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While The Spinto Band has been making music for over 15 years, Cheers Elephant will have to play the role of new-comer this week. With that said the band’s third album Like Wind Blows Fire does a lot to impress. In many ways the new album does much to prove the band’s identity. Bright, summery tunes showered with melodic guitar riffs and catchy sing-a-long harmonies. The album starts with the tempting falsetto driven “Peoples” and follows with the album stand-out “Doin’ It, Right.” And as you work your way through these songs, more and more it’s clear that this is a band that’s realizing their potential with each note.

Since the announcement of Little Broken Hearts, the new studio album from Norah Jones, lots of critics have alluded to a change in direction. Initially, that was due in part to her collaboration with producer Brian Burton (aka Danger Mouse) whose tactics behind the board have been well documented with bands like The Black Keys, Beck, Broken Bells and Gnarls Barkley. But it would be somewhat misleading to say a sonic shift wasn’t something we saw coming with Norah’s last few projects. In fact, she worked previously with Burton as part of his Rome project with Daniele Luppi. So what is it about this new collection that sets it apart from Jones’ previous works? Well, quite simply, it’s the subject of the songs.

For an artist that’s been as prolific as Jack White, it's hard to believe that Blunderbuss is the first full solo album from the former White Stripes frontman. From his time with the Stripes, The Raconteurs, the Dead Weather, to producing for the likes of Loretta Lynn & Wanda Jackson and even starting his own record label White has been somewhat of a musical chameleon. No matter what shade of Jack White most appeals to you, Blunderbuss can likely scratch that itch. Much like White's career this collection is full of sonic twists and turns that only prove to engage with each listen.

Honestly, what’s not to like about JD McPherson? The teacher turned rocker dials up a sound reminiscent of rock and roll’s early days on Signs & Signifiers, his first album. His style and attitude are both representative of those times, but noticeably his influences run the gamut from rockabilly to soul, from punk to hip-hop. It’s that combination of appreciation and living in present that makes Signs & Signifiers an absolute gem.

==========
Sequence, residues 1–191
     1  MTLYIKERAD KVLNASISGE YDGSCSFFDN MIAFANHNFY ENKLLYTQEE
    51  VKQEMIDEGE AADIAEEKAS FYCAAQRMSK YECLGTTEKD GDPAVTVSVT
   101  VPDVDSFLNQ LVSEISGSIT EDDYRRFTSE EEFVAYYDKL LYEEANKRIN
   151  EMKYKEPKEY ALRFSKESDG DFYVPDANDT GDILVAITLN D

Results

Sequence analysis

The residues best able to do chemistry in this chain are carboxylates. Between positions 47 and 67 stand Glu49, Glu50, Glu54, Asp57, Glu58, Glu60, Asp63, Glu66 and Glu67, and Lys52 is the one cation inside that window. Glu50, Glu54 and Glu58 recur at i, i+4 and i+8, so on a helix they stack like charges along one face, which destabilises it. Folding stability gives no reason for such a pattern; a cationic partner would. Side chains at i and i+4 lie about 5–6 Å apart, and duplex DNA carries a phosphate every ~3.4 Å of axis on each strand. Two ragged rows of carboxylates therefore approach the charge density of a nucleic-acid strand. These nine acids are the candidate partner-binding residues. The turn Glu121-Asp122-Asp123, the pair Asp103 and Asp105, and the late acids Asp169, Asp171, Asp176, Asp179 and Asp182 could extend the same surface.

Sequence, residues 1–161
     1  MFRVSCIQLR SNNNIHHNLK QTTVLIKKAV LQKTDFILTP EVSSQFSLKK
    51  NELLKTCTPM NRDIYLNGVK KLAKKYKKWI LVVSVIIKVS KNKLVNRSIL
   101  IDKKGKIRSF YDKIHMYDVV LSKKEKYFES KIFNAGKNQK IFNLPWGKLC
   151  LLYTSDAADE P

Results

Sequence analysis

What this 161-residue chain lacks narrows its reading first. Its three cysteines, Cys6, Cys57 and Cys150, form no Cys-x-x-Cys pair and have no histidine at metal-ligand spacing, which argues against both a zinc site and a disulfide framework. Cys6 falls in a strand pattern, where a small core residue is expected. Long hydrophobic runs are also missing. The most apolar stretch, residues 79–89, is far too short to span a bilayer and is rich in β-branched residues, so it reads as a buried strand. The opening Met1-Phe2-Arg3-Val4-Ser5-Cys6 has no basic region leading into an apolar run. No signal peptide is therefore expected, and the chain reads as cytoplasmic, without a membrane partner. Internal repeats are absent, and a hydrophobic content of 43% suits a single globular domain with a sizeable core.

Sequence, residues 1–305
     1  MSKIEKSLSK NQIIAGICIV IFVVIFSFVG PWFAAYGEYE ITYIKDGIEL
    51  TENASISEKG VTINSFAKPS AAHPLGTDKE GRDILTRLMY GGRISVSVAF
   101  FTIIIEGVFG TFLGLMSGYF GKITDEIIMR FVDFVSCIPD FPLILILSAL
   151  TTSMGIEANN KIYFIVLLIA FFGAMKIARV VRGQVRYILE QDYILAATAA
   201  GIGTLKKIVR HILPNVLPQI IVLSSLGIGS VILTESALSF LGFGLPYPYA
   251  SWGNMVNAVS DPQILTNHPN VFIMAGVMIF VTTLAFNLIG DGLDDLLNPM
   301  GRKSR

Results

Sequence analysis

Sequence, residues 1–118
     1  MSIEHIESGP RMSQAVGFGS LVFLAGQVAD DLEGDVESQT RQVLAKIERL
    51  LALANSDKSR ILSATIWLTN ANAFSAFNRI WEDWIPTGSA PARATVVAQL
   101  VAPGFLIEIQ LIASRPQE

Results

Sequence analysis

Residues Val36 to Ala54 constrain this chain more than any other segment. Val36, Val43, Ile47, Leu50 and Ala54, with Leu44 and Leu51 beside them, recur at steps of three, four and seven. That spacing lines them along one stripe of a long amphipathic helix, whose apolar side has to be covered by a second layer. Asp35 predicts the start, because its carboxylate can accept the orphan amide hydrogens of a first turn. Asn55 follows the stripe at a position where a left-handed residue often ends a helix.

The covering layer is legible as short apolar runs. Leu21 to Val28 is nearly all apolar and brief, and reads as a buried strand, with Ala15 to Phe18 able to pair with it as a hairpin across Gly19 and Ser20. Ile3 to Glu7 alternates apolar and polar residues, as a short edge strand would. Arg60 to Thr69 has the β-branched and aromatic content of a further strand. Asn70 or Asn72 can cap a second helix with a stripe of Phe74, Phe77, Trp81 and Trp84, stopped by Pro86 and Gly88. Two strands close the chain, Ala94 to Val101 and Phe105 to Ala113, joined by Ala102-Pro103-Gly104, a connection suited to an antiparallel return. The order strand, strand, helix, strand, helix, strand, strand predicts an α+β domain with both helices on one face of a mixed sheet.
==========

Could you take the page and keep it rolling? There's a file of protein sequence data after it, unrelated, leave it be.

Simply stated, Slipstream is an album that stands as a welcomed return from Bonnie Raitt. Fans have been longing for a new album since 2005’s Souls Alike. And while Slipstream is definitely a reconnection to a cherished voice and heritage artist, there is some new territory covered on this collection. Most notably, Raitt collaborates for the first time with producer Joe Henry. And Slipstream also marks the first album Raitt has released on her own record label (Redwing Records).

We first met the Alabama Shakes this fall when the young band from Athens, Alabama released their first EP. Four songs rarely ignite a career as much as they’ve done for the Alabama Shakes. Fresh out of high school, the soulful rockers have been aggressively touring, impressing show-goers and gearing up for the release of their debut, full length album, Boys & Girls, due out this month on ATO Records. Led by dynamic frontwoman Brittany Howard, the Shakes deliver on their potential with Boys & Girls for one of the year’s most exciting debuts.

Mac is back! Well, to be fair, it’s not like Dr. John hasn’t been consistent in his musical output. He’s released more than a handful of albums since the turn of century. But with Locked Down, his latest, perhaps none of those recent releases matches this latest collection in terms of energy and/or sheer appeal. Many will argue that a five time Grammy winner and Rock and Roll Hall of Famer has the latitude to do just about whatever they want, but for Dr. John Locked Down is an album he needed to make and music fans need to hear.

On his new album Justin Townes Earle aims to prove a few things, including the fact that it’s ok if the title of your album is longer than the actual runtime of the record. Alright, joke’s aside Nothing’s Gonna Change the Way You Feel About Me Now may be one of the more verbose album title’s we’ve seen in quite a while, but that hardly reflects the concise nature of the songs it headlines. Ten songs clocking in just over thirty minutes, Nothing’s Gonna Change… is one of Justin’s finest works to date harnessing his strength as a captivating storyteller.

Port of Morrow may be the first new album from The Shins in nearly half a decade, but those five years were far from your typical hiatus. The new album may better serve as a reintroduction and/or reincarnation of frontman James Mercer, rather than a continuation of what we’ve come to know from the band itself. The primary reason is that since 2007’s Wincing the Night Away, the entire band with the exception of Mercer has been replaced. Port of Morrow is also the first album from The Shins to not be released on the Sub Pop label. Mercer is releasing the collection on his own label Aural Apothecary (distributed by Columbia). And perhaps most notably Mercer seems to have confidently taken the reigns with a distinct vision and sonic direction for the band.

For Bruce Springsteen, an artist of true iconic stature and fame, you sometimes wonder where the motivation comes from. He’ll sell records as long as he keeps making them and fill seats as long as he keeps playing in front of them. For ‘The Boss’ life doesn’t seem too shabby. However listening to his new album Wrecking Ball, Bruce seems anything but content. For Springsteen making records at this point is hardly about moving up Billboard charts or filling stadiums, it’s about marking a moment in time. Wrecking Ball speaks to our hardships, our challenges and the eventual hope that lies ahead.

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